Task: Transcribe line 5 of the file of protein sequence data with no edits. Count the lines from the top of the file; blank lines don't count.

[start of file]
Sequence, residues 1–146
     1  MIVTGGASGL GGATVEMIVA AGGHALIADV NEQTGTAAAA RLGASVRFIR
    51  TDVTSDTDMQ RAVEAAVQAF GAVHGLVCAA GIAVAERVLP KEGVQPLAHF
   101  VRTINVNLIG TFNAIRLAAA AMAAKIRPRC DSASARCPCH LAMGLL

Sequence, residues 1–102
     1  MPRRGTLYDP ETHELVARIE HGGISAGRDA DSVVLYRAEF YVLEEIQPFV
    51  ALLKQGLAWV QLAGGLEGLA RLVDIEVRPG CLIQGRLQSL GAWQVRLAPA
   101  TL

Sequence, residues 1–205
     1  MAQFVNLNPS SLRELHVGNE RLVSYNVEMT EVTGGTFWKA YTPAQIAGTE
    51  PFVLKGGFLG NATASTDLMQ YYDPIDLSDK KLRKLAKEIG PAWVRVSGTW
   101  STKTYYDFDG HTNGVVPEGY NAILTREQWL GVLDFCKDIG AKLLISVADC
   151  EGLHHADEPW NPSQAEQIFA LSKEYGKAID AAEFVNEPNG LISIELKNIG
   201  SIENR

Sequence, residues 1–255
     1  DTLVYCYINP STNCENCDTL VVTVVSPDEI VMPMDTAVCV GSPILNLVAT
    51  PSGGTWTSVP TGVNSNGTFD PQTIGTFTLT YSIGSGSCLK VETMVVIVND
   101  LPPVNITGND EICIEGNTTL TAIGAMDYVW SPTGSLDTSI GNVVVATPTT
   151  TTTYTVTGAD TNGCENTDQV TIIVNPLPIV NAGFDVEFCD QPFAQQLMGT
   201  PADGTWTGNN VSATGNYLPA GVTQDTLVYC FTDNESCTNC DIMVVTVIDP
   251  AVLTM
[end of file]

Sequence, residues 1–102